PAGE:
What do we know about its effect on our health? Between 2003 and 2018, Illinois prison inmates were fed a meat-free, ‘planet-saving’ diet loaded with imitation foods containing soy protein isolate and soy protein concentrate with soy flour added to baked goods. The women stopped menstruating after a few months, so it was removed from their diet. The men developed digestive problems – pain after eating, diarrhoea, constipation, flatulence, debilitating thyroid problems, heart arrythmias, erectile dysfunction, and they began to grow breasts.

Beyond Meat, founded in 2009, who supply McDonald’s with their vegan burger, are another of the junk food, plant-based meat alternative producers sponsored by Bill Gates, who is driving fake food consumption and production. Other companies are Memphis Meats, who grow meat in a lab, Ginkgo Bioworks, who develop custom-built microbes for the food and other industry, Pivot Bio, who produce sustainable agriculture products including plant-based meat alternatives, and Hampton Creek Foods, who manufacture plant-based food products and meat alternatives.

Research into the environmental impact of producing fake food suggests manufacturing is not as green as it is made out to be. Sustainalytics, who gauge companies’ sustainability, said in 2021 that fake food manufacturers were opaque about their emissions.

According to environmental activist and food sovereignty advocate Vandana Shiva: ‘Industrial food systems have destroyed the biodiversity of the planet both through the spread of monocultures, and through the use of toxics and poisons that are killing bees, butterflies, insects, birds, and leading to the sixth mass extinction. 

‘Biodiversity-intensive and poison-free agriculture, on the other hand, produces more nutrition per acre while rejuvenating the planet. It shows the path to Zero Hunger in times of climate change. 

‘The industrial agriculture and toxic food model have been promoted as the only answer to economic and food security. However, globally, more than a billion people are hungry. More than three billion suffer from food-related chronic diseases. 

‘Industrial agriculture is based on fossil-fuel intensive, chemical-intensive monocultures, and produces only 30 per cent of the food we eat despite using 75 per cent of farmed land. Meanwhile, small, biodiverse farms using 25 per cent of that land provide 70 per cent of the food.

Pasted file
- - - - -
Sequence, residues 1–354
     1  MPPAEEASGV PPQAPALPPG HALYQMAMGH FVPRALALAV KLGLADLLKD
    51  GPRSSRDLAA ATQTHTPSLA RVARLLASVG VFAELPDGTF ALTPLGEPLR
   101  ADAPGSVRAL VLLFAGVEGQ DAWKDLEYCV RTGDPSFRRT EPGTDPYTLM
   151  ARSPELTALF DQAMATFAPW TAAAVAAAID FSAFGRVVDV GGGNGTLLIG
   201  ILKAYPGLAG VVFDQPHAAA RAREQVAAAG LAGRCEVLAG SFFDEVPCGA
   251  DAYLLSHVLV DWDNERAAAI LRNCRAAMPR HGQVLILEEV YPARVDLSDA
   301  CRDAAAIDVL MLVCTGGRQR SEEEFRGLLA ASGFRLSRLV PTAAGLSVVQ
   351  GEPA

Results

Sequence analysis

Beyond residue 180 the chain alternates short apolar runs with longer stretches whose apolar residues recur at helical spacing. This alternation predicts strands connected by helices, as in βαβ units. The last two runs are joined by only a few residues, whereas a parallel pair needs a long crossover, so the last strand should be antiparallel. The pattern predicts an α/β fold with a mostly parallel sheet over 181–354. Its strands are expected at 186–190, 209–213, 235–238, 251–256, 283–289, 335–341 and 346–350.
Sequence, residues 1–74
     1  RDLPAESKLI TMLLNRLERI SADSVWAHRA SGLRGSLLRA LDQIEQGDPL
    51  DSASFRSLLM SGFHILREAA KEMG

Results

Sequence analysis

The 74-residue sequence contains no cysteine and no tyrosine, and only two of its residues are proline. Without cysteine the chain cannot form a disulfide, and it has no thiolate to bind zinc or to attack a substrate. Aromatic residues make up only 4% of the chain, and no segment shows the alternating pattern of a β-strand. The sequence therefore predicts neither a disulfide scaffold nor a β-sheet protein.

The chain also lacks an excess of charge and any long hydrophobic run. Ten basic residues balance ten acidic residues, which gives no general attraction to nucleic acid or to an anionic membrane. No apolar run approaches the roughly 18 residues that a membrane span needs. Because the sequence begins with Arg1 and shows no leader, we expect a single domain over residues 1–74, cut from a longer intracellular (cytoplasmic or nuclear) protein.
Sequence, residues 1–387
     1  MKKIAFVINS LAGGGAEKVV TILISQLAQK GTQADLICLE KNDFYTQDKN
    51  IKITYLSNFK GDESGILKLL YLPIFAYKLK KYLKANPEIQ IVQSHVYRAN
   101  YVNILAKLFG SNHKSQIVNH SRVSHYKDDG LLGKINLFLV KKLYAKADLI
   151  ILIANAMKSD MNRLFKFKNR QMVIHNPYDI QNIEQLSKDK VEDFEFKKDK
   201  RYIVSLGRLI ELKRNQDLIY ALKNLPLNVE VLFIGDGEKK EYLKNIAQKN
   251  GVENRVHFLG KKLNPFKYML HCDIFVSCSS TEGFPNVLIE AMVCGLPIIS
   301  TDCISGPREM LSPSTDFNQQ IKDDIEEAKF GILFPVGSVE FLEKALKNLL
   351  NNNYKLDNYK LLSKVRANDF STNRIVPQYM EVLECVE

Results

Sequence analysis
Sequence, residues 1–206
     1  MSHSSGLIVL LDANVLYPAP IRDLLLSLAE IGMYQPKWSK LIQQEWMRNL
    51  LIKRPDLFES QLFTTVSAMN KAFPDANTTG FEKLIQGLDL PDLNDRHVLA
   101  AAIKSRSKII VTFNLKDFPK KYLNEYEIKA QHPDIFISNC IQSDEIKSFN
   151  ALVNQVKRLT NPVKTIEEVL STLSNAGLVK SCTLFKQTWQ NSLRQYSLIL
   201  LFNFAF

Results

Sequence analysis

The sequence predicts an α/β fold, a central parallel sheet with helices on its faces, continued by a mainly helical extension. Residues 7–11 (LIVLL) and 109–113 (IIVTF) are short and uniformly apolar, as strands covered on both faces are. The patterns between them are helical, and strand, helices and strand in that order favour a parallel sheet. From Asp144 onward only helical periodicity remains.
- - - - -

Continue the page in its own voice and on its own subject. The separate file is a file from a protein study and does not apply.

‘At this rate, if the share of industrial agriculture and industrial food in our diet is increased to 45 per cent, we will have a dead planet. One with no life and no food.’

Food ‘innovator’ Pat Brown, CEO and founder of Impossible Foods, declared that food tech would beat farming knowhow. He said: ‘If there’s one thing that we know, it’s that when an ancient unimprovable technology counters a better technology that is continuously improvable, it’s just a matter of time before the game is over. I think our investors see this as a $3trillion opportunity.’

There is good news for real food enthusiasts: after a promising financial start, the fake food industry is failing in some quarters, despite celebrity endorsements and the financial backing of Leonardo DiCaprio and Kim Kardashian. For example Beyond Meat was valued at $11.7billion in 2019 but slumped to £981million in 2023. Fake meat is not cheap either. Last year two Beyond Burger patties at Tesco cost £4 while four of their own-brand beefburgers were £2.59. Beyond Meat cost £17.70 a kilo while real meat, from real cows, farmed by real farmers, was £5.70 per kilo.

What began as a revolution is turning into a revolt with consumers seeing through the dishonest marketing and questioning whether 20-plus ingredients can really be classed as green or healthy. After all, consumer demand for natural foods has increased alongside nutritional awareness.

Perhaps the last word should go to Vandana Shiva, who said: ‘Real food gives us a chance to rejuvenate the earth, our food economies, food sovereignty and food cultures. Food is not a commodity. It is not “stuff” put together mechanically and artificially in labs and factories. Food is life.’

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Sally Beck
Sally Beck
Sally Beck is a freelance journalist with 30 years of experience in writing for national newspapers and magazines. She has reported on vaccines since the controversy began with the MMR in 1998.